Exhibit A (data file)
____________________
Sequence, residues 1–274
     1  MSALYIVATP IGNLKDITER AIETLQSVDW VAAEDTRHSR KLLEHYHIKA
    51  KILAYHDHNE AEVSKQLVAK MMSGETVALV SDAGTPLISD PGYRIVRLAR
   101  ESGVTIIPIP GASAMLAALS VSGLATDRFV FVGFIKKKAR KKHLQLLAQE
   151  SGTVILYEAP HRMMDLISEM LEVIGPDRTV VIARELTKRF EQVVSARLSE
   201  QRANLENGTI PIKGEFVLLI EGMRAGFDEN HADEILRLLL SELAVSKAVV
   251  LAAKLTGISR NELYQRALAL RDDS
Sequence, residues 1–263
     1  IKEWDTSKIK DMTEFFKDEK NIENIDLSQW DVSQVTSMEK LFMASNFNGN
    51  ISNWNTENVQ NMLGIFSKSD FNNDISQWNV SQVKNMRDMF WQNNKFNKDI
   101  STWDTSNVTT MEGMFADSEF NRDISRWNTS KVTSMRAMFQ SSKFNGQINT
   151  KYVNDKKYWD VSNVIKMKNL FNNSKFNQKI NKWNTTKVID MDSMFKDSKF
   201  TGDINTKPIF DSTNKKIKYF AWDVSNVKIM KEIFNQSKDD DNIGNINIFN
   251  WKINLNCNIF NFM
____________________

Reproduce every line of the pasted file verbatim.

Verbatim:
Sequence, residues 1–274
     1  MSALYIVATP IGNLKDITER AIETLQSVDW VAAEDTRHSR KLLEHYHIKA
    51  KILAYHDHNE AEVSKQLVAK MMSGETVALV SDAGTPLISD PGYRIVRLAR
   101  ESGVTIIPIP GASAMLAALS VSGLATDRFV FVGFIKKKAR KKHLQLLAQE
   151  SGTVILYEAP HRMMDLISEM LEVIGPDRTV VIARELTKRF EQVVSARLSE
   201  QRANLENGTI PIKGEFVLLI EGMRAGFDEN HADEILRLLL SELAVSKAVV
   251  LAAKLTGISR NELYQRALAL RDDS
Sequence, residues 1–263
     1  IKEWDTSKIK DMTEFFKDEK NIENIDLSQW DVSQVTSMEK LFMASNFNGN
    51  ISNWNTENVQ NMLGIFSKSD FNNDISQWNV SQVKNMRDMF WQNNKFNKDI
   101  STWDTSNVTT MEGMFADSEF NRDISRWNTS KVTSMRAMFQ SSKFNGQINT
   151  KYVNDKKYWD VSNVIKMKNL FNNSKFNQKI NKWNTTKVID MDSMFKDSKF
   201  TGDINTKPIF DSTNKKIKYF AWDVSNVKIM KEIFNQSKDD DNIGNINIFN
   251  WKINLNCNIF NFM